Ultra Light / Ultra Long Distance Cooking and Eating...

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Ultra Light / Ultra Long Distance Cooking and Eating...

Post by SBParks » Wed Jun 18, 2008 5:46 pm

I am facinated by the concept of Ultralight Weight / Ultralong Distance hiking and backpacking and the logistics involved with cooking food and caring for your body's caloric needs while on the trail for so many miles for so many days.

What would a 'normal' day's meal(s) be like for you? How often did you prepare your meal by means of cooking or heating your food and what type of stove did you use? Were there days when you didn't even use a source of heat (stove) for your meal?

My personal mealtime experiences while backpacking have often been times that brought the hiking group together for a social and even bonding event. The warm food, the good tastes and the 'reward' of a good or even great meal on the trail always seemed worth the effort and work it took to make that meal happen while out on the trail. Of course, most meals like this probably wouldn't fit the parameters for an Ultralight / Ultralong distance hike.

I would almost think that mealtime on an Ultralight / Ultralong distance hike would reduce the mealtime experience to 'another bodily function' that needs to be taken care of. Probably there is much more to the long distance experience that I don't understand.

Your views on these 'mealtime' topics would be appreciated.

Thanks, Scott.

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What's a normal meal while backpacking?

Post by FrancisTapon » Thu Jul 17, 2008 3:39 pm

Thanks for your question. I have answered most of it in this post about food.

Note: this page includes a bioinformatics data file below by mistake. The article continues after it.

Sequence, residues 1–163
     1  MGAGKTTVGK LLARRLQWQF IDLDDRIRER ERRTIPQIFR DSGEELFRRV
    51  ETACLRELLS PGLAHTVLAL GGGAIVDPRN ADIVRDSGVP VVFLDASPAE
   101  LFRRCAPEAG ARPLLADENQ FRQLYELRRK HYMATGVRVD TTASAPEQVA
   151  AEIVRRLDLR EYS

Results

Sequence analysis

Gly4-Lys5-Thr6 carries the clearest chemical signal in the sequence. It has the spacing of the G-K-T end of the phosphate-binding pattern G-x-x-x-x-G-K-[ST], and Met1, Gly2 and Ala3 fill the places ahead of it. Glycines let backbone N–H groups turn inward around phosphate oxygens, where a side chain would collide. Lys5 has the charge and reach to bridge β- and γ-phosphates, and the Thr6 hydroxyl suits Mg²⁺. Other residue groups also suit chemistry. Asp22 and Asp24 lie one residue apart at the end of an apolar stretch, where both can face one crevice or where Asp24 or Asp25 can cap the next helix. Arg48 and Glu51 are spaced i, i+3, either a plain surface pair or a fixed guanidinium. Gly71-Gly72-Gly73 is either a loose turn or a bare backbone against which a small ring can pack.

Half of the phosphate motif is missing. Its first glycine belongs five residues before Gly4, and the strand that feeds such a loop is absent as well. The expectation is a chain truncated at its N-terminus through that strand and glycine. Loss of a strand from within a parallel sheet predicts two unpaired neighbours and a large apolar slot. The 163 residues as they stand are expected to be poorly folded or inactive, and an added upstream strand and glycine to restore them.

I'll just add that on the AT and PCT I did cook and focused on nutritious calories. Instead of refined pasta (which is what is what is on 90% of the supermarket shelves), look for whole wheat pasta, corn or spinach pasta. Look for something that isn't plain old refined pasta.

Look for variety! Variety and nutrition are key to a good diet on a long distance hike!

If you decide to cook, look for lightweight stoves that are efficient. Jetboil is very efficient, but also very heavy. Alcohol stoves are very light, but also very inefficient (especially without a good windscreen). Consider weight and efficiency when choosing a stove.

Finally, consider stoveless cooking!
- Francis Tapon

Rachel Kysar
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Re: Ultra Light / Ultra Long Distance Cooking and Eating...

Post by Rachel Kysar » Wed Apr 26, 2017 11:46 pm

I prefer stainless steel. This material is more durable and resistant to damage. Sometimes on the bottom of a pot there is an aluminum layer that perfectly conducts heat and makes such dishes more convenient when cooking. But this option is not suitable for use at stake.

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